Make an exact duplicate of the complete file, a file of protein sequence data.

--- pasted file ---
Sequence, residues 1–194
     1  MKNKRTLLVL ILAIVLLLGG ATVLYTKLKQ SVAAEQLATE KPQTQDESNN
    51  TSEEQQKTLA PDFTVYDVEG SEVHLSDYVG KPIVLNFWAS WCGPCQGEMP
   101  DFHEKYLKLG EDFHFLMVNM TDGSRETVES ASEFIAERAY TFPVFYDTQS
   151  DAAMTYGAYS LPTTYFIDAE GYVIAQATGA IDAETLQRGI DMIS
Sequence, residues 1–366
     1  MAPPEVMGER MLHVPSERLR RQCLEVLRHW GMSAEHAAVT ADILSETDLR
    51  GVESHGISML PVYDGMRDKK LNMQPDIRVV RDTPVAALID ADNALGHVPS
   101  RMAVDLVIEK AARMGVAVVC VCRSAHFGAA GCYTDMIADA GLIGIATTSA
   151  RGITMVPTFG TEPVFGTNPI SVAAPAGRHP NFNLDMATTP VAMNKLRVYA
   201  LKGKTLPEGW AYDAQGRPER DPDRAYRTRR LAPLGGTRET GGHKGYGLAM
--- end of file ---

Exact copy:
Sequence, residues 1–194
     1  MKNKRTLLVL ILAIVLLLGG ATVLYTKLKQ SVAAEQLATE KPQTQDESNN
    51  TSEEQQKTLA PDFTVYDVEG SEVHLSDYVG KPIVLNFWAS WCGPCQGEMP
   101  DFHEKYLKLG EDFHFLMVNM TDGSRETVES ASEFIAERAY TFPVFYDTQS
   151  DAAMTYGAYS LPTTYFIDAE GYVIAQATGA IDAETLQRGI DMIS
Sequence, residues 1–366
     1  MAPPEVMGER MLHVPSERLR RQCLEVLRHW GMSAEHAAVT ADILSETDLR
    51  GVESHGISML PVYDGMRDKK LNMQPDIRVV RDTPVAALID ADNALGHVPS
   101  RMAVDLVIEK AARMGVAVVC VCRSAHFGAA GCYTDMIADA GLIGIATTSA
   151  RGITMVPTFG TEPVFGTNPI SVAAPAGRHP NFNLDMATTP VAMNKLRVYA
   201  LKGKTLPEGW AYDAQGRPER DPDRAYRTRR LAPLGGTRET GGHKGYGLAM